United States and Serco had been sued by plaintiffs for whom
there was no Article 28 jurisdiction in the United States, Serco
and the United States should be barred from seeking contribu-
tion and indemnity from Korean Airlines in the U.S. The court
rejected this argument, and held that the indemnity claims were
independent of the passenger claims and therefore not gov-
erned by the requirements of Article 28. However, the court
recognized that the third-party indemnity claim must be limited
by the Convention to the extent that the carrier’s liability would
be limited in claims brought by passengers under the

   On July 17, 1996, TWA Flight 800 crashed into the Atlantic
Ocean about eight miles south of East Moriches, New York, after
taking off for Paris, France, from John F. Kennedy International
Airport. All 230 people on board were killed.43 The investiga-
tion into the accident is ongoing and the cause of the crash has
not been firmly established.
   Families of the passengers killed in the crash filed suits against
Boeing and TWA starting in October 1996 and the cases were
ultimately consolidated and transferred to the Southern District
of New York in February 1997 for MDL proceedings.44 Boeing,
TWA, and Hydro-Aire, Inc. (the fuel pump manufacturer) have
been named as defendants in the MDL litigation and discovery
is proceeding.45

  42 See In re Air crash at Aguna, Guena, MDL1237, CV 97-7023 HLH (C.D. Cal.).
  43 See In Re Air Crash Off Long Island, N.Y., on July 17, 1996, No. 96-C7986,
1998 U.S. Dist. LEXIS 8044, at *3 (S.D.N.Y. 1998).
  44 See In Re Air Crash Off Long Island, 1998 U.S. Dist. LEXIS 8044, at *4.
  45 See id. at *2-3.
2000]                   AIR CARRIER LITIGATION                               177
   The TWA 800 parties zealously litigated the definition of the
“high seas.” Their exhaustive efforts ultimately produced the
last court ruling on the DOHSA boundary before the FAIR-21
amendments. Defendants initially filed a motion to dismiss
plaintiffs’ claims for non-pecuniary damages, arguing that be-
cause the crash occurred beyond a marine league (in this case
eight nautical miles) from the New York shoreline, DOHSA con-
trolled all cases resulting from the accident.46 Plaintiffs con-
tended that DOHSA did not apply to this accident, arguing, inter
alia, that “high seas” and “beyond a marine league from the
shore” were independent conditions, which both must be met
before DOHSA may be applied, and that President Reagan’s
Proclamation in 1988, establishing the boundary for U.S. territo-
rial waters at twelve nautical miles, changed the boundary of the
“high seas” under DOHSA.47 Moreover, like the plaintiffs in the
Swissair litigation (discussed above) plaintiffs here claimed that
the definition of “high seas” and “territorial seas” could not
   Judge Robert W. Sweet denied defendants’ motion to dismiss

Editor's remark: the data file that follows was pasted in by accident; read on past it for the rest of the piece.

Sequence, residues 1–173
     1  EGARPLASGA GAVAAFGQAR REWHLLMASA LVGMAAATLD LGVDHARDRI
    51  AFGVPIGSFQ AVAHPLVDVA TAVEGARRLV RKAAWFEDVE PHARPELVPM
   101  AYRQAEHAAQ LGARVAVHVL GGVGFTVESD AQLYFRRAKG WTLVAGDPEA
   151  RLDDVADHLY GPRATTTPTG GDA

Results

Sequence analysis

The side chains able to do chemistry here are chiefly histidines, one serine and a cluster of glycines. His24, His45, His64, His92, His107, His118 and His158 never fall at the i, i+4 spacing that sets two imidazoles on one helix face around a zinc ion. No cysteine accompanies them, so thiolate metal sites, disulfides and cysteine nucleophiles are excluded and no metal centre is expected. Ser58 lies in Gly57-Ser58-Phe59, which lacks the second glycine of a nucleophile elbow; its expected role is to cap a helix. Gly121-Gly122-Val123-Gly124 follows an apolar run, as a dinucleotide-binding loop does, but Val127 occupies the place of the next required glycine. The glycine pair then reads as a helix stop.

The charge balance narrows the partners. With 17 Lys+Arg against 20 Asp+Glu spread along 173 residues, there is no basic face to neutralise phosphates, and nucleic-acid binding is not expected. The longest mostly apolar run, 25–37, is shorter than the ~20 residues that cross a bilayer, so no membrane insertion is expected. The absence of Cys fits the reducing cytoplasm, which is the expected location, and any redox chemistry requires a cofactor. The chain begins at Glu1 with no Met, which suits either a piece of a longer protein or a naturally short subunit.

in 1998.49 Judge Sweet concluded that “[i]n sum, the plain
meaning of the text requires the Court to give independent
meaning to the phrase ‘high seas’ and ‘beyond a marine
league,’ and this interpretation is consistent with other sections
of the statute and the legislative history.”50 Moreover, the court
found that “the ‘high seas’ are the waters beyond the territorial
sea” and that, since President Reagan’s Proclamation extended
the territorial sea to twelve miles from the shore, the Flight 800
accident (which occurred eight miles from shore) did not occur
on the “high seas.”51 Given these findings, the court concluded
that DOHSA did not apply.52
   Defendants appealed Judge Sweet’s decision to the Second
Circuit. The defendants challenged the judge’s interpretation
of “high seas,” contending that such an interpretation of the
phrase did not align with the congressional intent in adopting
DOHSA.53 On March 29, 2000, just one week before President

 46   See id. at *5-6.
 47   See id. at *6-7
 48   See id. at *7.
 49   See id. at *2.
 50   In re Air Crash off Long Island, 1998 U.S. Dist. LEXIS 8044, at *22.
 51   Id. at *32.
 52   See id. at *33.
 53   See In Re Air Crash Off Long Island, 209 F.3d at 206.
178           JOURNAL OF AIR LAW AND COMMERCE                                   [66
Clinton signed the FAIR-21 amendments to DOHSA into law,
the Second Circuit held that President Reagan’s 1988 Proclama-
tion moved the starting point of DOHSA from three to twelve
miles offshore.54 Consequently, the TWA 800 crash eight miles
off the coast of Long Island occurred within the territorial wa-
ters of the U.S. and was not covered by DOHSA.
   In October 1999, Judge Sweet declined to dismiss claims by
the relatives of forty-five French decedents on forum non con-
veniens grounds.55 Although the judge found that France quali-
fied as an adequate alternative forum, and although the
defendants said they would not contest liability in the cases if
they were refiled in France, the court stated that public interest
factors weighed heavily in favor of keeping all the trials in the
United States.56 The court focused on the extensive and costly
investigation already undertaken in the United States and the
fact that since only the French cases would be dismissed, the
remainder of the claims would still proceed in this country.57

               G.    VALUJET FLIGHT 592—MAY 11, 1996
  On May 11, 1996, ValuJet Flight 592, a DC-9, crashed in the